Europe Launches Legal Challenge Against Trump’s Metal Tariffs
The European Union announced Friday that it will file a complaint with the Word Trade Organization in response to President Donald Trump’s decision to move forward with tariffs on foreign steel and aluminum.
Calling the protectionist measures “illegal” under international trade rules, EU trade commissioner Cecilia Malmström said the bloc would seek relief from the WTO, the Geneva-based arbitrator of trade disputes.
“We will now trigger a dispute settlement case at the WTO, since the U.S. measures on steel and aluminum clearly go against agreed international rules,” she said at a news conference, according to NPR.
Trump stunned U.S. allies on Thursday by imposing a 25 percent import tax on foreign steel and a 10 percent duty on aluminum. The tariffs were technically implemented in March, but Washington had given exemptions to the EU, Canada, Mexico and other key trading partners pending the outcome of broader trade negotiations.
The move outraged foreign leaders, who denounced Trump’s invocation of national security to justify the across-the-board metal tariffs. Canadian Prime Minister Justin Trudeau said it was “inconceivable” that Canada could be considered a national security threat to the U.S., and French President Emmanuel Macron described the tariffs as a form of economic “war” against America’s allies. (RELATED: Justin Trudeau Says Canada Will Retaliate Against US Over Trump’s Steel Tariffs)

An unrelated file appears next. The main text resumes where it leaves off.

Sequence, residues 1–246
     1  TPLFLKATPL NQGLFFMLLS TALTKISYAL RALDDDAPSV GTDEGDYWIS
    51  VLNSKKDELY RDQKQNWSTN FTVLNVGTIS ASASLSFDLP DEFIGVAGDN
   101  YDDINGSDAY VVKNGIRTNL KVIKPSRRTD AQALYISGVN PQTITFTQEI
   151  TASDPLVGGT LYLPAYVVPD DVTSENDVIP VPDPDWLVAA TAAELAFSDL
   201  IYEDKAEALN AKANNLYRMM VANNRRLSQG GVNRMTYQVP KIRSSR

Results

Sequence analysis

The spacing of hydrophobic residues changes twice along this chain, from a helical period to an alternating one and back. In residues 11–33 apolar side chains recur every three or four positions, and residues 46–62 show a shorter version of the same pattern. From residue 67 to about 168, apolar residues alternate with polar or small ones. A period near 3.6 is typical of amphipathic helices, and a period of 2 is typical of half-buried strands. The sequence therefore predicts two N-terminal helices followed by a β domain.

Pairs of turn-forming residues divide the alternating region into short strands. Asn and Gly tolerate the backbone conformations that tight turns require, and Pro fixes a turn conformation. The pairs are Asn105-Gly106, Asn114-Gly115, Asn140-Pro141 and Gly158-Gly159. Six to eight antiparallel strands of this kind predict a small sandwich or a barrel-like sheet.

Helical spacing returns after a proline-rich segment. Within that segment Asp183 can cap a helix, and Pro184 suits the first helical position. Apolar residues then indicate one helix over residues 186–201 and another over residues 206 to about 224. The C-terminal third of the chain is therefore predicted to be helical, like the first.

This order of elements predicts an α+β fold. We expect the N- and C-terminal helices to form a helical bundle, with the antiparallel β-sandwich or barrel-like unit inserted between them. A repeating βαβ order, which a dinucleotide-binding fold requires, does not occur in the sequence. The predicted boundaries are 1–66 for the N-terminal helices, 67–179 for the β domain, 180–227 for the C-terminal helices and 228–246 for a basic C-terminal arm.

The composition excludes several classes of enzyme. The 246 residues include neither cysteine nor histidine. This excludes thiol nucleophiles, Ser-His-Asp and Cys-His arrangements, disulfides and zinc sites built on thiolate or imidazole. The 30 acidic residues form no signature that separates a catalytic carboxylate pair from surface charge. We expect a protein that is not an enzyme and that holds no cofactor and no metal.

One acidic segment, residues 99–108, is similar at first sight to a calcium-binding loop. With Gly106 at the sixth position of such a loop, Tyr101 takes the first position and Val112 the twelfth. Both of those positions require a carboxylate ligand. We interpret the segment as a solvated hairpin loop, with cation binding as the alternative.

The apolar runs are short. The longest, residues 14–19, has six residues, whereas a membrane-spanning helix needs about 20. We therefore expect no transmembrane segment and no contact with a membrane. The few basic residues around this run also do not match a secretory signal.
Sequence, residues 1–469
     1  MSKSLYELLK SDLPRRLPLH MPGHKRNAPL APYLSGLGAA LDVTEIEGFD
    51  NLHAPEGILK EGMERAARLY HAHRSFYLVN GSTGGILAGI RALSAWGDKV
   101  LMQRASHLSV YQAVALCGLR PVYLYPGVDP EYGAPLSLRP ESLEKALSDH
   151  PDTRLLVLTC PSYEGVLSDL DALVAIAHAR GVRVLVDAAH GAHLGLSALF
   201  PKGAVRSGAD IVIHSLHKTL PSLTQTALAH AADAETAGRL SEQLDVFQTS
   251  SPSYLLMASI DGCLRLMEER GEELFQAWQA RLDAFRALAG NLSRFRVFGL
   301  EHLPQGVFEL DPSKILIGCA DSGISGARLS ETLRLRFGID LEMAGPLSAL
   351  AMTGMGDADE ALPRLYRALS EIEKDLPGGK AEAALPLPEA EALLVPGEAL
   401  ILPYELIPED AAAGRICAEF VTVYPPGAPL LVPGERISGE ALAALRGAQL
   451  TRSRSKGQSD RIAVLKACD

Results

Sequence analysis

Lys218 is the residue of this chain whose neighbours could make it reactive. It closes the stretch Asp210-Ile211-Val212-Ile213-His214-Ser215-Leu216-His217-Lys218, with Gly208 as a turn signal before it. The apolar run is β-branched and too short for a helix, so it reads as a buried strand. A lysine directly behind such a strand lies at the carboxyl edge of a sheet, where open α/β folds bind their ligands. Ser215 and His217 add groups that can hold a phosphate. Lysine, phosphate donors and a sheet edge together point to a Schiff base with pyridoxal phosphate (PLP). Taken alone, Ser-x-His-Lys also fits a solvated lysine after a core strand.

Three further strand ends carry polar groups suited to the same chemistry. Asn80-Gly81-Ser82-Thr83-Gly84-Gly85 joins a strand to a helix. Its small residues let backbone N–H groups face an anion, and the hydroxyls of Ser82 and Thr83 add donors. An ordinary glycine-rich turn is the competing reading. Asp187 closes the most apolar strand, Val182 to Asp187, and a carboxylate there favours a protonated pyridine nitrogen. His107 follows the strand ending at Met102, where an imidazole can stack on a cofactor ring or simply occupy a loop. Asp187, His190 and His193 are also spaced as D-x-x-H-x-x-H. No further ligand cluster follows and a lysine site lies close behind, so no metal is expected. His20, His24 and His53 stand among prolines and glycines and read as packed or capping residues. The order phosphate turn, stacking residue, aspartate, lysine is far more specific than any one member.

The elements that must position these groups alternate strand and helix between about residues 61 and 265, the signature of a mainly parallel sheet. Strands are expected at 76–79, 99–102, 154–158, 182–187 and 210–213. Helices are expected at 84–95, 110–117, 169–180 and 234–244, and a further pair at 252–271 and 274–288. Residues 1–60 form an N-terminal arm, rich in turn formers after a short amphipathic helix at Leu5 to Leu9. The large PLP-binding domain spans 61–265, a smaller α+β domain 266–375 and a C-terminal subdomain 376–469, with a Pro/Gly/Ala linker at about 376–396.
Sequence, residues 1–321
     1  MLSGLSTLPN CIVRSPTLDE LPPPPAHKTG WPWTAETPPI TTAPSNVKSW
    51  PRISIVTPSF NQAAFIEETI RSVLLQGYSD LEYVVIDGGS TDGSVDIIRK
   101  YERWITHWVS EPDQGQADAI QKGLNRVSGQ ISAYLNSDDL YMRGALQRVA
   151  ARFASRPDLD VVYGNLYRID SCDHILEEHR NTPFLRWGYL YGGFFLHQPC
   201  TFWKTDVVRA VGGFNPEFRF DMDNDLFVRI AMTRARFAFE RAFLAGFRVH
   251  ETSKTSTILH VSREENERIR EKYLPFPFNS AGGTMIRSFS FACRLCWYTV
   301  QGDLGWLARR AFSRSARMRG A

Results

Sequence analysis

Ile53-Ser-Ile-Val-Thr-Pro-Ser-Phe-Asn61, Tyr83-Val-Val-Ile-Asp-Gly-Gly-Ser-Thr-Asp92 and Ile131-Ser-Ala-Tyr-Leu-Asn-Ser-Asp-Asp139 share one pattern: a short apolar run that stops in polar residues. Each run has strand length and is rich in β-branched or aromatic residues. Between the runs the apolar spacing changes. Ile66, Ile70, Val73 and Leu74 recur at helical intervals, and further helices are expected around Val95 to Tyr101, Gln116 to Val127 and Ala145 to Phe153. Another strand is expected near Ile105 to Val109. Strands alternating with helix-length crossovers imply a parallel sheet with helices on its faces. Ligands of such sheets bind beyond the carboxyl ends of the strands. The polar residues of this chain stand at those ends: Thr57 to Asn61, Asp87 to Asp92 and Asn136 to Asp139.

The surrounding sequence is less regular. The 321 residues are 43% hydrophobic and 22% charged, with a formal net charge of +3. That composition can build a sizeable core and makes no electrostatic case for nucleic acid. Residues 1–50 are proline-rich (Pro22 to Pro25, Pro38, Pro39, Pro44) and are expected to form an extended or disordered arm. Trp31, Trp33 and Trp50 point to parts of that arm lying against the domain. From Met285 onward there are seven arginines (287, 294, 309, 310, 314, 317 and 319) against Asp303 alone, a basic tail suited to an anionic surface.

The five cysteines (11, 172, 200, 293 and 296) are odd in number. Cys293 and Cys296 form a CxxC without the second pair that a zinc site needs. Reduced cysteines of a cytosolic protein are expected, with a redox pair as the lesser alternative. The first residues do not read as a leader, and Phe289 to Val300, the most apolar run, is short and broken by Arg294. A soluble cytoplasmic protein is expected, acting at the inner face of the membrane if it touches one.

The EU’s complaint with the WTO touches off a dispute settlement process in which trade arbitrators attempt to negotiate a mutual agreement between Washington and Brussels or, failing that, impose “countermeasures” on the losing party. In the meantime, Brussels is preparing “rebalancing measures” that could include tariffs on U.S. bourbon, motorcycles and blue jeans exports, Malmström said.
Also Friday, the EU filed a separate WTO complaint against China over intellectual property violations. Like Washington, Brussels has accused the Chinese government of rampant technology theft, among other complaints about Beijing’s trade policies.
“If players in the world don’t stick to the rule book, the system might collapse,” Malmström said, according to Agence France Presse. “That is why we are challenging the US and China at the WTO.”
Elsewhere, U.S. trading partners were gearing up to levy their own import duties on American goods in retaliation for Trump’s metal tariffs. Canada said it would impose “dollar-for-dollar” tariffs on American steel and aluminum beginning July 1, while Mexico announced plans to tax U.S. exports of flat steel, pork bellies, and several other types of agricultural products.
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